Farm life and environment important for the Laugesen family – Kate Taylor:
A Central Hawke’s Bay farming family has fenced, leased and worked its way to farm ownership. Kate Taylor reports.
Young pheasant chicks will be making their new home on an Elsthorpe farm dam this Christmas.
But the Laugesen kids might not be there to see much of them. They’re hoping to repeat last year’s summer holidays and camp out the back of the farm.
Planting native trees, regenerating wetlands and restoring birdlife is a huge bonus of farming for Graeme (who’s known by all as Logie) and Kate Laugesen and their children – Phoebe, 15, Maddy, 13, and Jack, 9. . .
Rural Women New Zealand (RWNZ) is proud to announce the category winners and finalists for the Enterprising Rural Women Awards 2017.
The four finalists are vying for the Supreme Enterprising Rural Women Award, which will be revealed on Saturday 18 November at the RWNZ National Conference at the Ascot Park Hotel in Invercargill. . .
A Cromwell woman has been recognised for her business success, creating a niche market for port and providing solutions for fast-growing boutique vineyards.
Debra Cruickshank, of Tannacrieff Wines, is one of four finalists to be announced for the Enterprising Rural Women Awards 2017 after taking out a category win – the SWAZI New Zealand Entrepreneurial Enterprising Rural Women Award.
She joins Kylie Davidson and Emma Hammond, of Hammond and Davidson Accountants, in Riversdale; Jo Kempton, of Happy Belly Ferments, in Greytown; and Kiri Elworthy and Jenny Bargh, of Tora Coastal Walk, Martinborough. . .
Three generations working together – Sally Rae:
There’s a bit of a family affair going on at Waipori Station.
In fact, Pete Ronald jokes he has warned manager Dave Vaughan there could well be a takeover.
Mr Ronald (61), his daughter Nicky Adams (41) and his granddaughter Shelby Wilson (19) — who is Ms Adams’ niece — all work on the 12,000ha Landcorp-owned property which surrounds Lake Mahinerangi.
There’s a reasonable amount of good-natured banter when the three gather over lunch, with Ms Adams wearing her trademark cap emblazoned with Auntie. . .
Pneumonia, parasites something to get excited about – Sally Rae:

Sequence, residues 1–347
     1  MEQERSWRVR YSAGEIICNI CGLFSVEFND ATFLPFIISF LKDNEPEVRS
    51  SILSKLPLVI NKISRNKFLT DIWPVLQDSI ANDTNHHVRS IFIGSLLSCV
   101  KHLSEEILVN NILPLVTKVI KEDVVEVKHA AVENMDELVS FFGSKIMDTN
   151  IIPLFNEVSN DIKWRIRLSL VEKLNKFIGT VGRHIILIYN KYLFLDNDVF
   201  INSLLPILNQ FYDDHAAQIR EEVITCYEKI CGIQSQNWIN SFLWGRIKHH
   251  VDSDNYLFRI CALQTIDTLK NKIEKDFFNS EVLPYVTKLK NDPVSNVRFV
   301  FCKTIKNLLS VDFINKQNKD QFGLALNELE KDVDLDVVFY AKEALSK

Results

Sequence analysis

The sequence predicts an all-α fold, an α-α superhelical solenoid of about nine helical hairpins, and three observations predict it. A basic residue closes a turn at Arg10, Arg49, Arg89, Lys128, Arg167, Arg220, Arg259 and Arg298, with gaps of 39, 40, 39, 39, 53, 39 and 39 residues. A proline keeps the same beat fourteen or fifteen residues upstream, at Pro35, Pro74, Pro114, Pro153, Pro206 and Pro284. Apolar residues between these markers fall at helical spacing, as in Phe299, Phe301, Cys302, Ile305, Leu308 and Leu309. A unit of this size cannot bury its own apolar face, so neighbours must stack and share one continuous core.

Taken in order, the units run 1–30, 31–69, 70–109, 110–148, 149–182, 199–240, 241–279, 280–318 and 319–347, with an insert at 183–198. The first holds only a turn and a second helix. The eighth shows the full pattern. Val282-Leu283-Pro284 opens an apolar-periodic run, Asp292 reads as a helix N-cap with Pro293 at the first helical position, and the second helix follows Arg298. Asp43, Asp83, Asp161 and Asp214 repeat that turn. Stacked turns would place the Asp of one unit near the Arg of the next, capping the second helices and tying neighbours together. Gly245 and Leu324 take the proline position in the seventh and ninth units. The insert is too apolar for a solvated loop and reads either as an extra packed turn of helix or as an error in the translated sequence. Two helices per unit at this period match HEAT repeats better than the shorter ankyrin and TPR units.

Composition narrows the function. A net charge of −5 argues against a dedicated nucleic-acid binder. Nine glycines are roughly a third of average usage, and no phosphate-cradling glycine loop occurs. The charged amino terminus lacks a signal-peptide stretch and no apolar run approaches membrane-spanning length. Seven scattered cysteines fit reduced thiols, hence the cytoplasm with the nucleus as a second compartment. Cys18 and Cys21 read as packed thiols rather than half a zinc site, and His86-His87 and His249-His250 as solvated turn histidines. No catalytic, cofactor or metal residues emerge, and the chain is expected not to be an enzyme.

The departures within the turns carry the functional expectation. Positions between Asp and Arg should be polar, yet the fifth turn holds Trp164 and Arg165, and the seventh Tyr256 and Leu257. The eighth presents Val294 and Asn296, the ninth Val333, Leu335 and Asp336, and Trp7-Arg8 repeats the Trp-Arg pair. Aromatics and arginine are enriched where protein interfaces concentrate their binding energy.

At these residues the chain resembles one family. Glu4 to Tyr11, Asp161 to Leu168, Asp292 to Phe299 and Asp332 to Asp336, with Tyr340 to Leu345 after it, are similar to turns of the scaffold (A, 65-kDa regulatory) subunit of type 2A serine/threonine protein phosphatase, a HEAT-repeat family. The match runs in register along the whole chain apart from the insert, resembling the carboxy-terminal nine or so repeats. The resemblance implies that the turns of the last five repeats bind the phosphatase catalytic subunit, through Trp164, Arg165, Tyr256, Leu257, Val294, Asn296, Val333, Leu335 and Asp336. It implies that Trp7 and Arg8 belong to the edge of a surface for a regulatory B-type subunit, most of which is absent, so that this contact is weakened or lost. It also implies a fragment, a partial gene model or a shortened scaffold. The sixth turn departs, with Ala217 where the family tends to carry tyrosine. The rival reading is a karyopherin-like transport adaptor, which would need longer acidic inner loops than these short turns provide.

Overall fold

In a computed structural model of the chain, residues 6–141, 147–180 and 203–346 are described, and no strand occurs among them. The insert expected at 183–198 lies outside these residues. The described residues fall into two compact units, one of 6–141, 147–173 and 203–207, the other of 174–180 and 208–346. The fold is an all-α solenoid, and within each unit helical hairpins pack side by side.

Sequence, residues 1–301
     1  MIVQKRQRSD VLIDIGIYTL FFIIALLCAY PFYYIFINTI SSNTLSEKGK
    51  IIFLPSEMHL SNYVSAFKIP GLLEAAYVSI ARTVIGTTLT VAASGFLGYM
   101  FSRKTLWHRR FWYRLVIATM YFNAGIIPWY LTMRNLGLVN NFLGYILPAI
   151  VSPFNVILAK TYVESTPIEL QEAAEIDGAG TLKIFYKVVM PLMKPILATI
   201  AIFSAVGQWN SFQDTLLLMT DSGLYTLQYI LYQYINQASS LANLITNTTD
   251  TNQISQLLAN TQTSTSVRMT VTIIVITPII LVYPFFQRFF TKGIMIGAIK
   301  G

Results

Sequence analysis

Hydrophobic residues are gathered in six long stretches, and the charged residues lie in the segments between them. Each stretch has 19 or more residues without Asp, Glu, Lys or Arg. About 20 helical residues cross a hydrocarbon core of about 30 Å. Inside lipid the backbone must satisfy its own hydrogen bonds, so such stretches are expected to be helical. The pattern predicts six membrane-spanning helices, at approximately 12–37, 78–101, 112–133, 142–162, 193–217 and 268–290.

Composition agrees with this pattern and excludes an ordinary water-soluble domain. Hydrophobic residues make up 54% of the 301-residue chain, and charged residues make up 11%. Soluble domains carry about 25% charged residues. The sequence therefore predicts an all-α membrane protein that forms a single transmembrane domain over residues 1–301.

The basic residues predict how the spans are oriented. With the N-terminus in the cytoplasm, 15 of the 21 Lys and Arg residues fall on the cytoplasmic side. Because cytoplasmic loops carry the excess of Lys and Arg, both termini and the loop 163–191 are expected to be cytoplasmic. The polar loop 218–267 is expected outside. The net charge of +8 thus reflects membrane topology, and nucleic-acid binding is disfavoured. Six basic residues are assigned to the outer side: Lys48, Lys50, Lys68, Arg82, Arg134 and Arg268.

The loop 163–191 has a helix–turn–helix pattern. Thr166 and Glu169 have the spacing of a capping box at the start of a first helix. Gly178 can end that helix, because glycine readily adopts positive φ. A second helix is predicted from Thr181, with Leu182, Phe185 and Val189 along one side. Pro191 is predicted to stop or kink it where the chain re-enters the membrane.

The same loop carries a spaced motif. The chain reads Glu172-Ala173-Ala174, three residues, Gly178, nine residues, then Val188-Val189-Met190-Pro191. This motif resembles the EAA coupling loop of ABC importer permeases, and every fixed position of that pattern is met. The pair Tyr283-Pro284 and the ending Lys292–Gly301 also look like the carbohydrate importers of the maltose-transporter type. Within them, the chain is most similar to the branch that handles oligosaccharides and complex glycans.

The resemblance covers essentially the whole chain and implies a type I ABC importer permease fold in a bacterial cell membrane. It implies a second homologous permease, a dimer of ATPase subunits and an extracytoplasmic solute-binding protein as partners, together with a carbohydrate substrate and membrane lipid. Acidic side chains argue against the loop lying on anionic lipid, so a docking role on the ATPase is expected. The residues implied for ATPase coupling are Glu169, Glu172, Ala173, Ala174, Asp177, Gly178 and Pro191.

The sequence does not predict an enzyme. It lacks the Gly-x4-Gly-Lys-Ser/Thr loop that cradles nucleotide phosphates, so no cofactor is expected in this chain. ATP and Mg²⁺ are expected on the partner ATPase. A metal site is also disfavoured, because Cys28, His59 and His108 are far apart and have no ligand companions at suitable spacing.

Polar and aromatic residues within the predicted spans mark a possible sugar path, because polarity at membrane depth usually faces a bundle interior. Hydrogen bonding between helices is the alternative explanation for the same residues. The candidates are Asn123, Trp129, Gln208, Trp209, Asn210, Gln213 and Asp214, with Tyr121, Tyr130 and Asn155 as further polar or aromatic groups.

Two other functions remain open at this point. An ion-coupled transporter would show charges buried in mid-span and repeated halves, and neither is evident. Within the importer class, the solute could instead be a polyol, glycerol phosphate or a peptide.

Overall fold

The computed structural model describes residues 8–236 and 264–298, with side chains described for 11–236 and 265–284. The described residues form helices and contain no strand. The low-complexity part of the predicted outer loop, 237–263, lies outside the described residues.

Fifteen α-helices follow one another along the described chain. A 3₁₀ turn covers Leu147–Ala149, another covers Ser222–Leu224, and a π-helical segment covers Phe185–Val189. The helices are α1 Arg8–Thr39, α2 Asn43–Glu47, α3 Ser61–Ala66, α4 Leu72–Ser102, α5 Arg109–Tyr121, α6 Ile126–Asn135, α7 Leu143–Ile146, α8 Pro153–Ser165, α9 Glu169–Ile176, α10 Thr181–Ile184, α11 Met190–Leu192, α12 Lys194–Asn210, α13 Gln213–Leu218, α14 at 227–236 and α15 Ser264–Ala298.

Kathryn McRae jokes that she is ‘‘one of those strange people’’ who gets excited about parasites and lungs.
Farm staff at AgResearch’s Invermay campus always know that if an animal dies from pneumonia, she will want to inspect its lungs.
Animal health is a particular interest for Dr McRae, who grew up on a sheep and beef farm at Mokoreta in eastern Southland.
The property has been in the McRae family for more than 100 years and has been the recipient of a Century Farm award. . .
The dairy sector is calling for the future Government to provide the strong direction necessary for New Zealand to move toward a low emissions future, says DairyNZ chief executive Tim Mackle.
His comments came following the release of the Our Atmosphere and Climate 2017 report.
The report confirms that global emissions of carbon dioxide topped 400 parts per million in 2016, the highest for 800,000 years. . .
Visa changes for workers will leave gaps – Jemma Brackebush:
A Filipino leader in the dairy industry is worried tighter restrictions to visas could leave huge holes in the farming workforce because they do not accurately reflect what happens on farms.
In late July, the government announced that workers in low-skilled jobs earning below $41,500 a year would after three years have to leave New Zealand for 12 months before returning on a new visa.
Roberto Bolanos is a New Zealand citizen with more than a decade’s experience in the industry, and feared the changes could leave gaps in the workforce if immigrants had to leave after three years. . .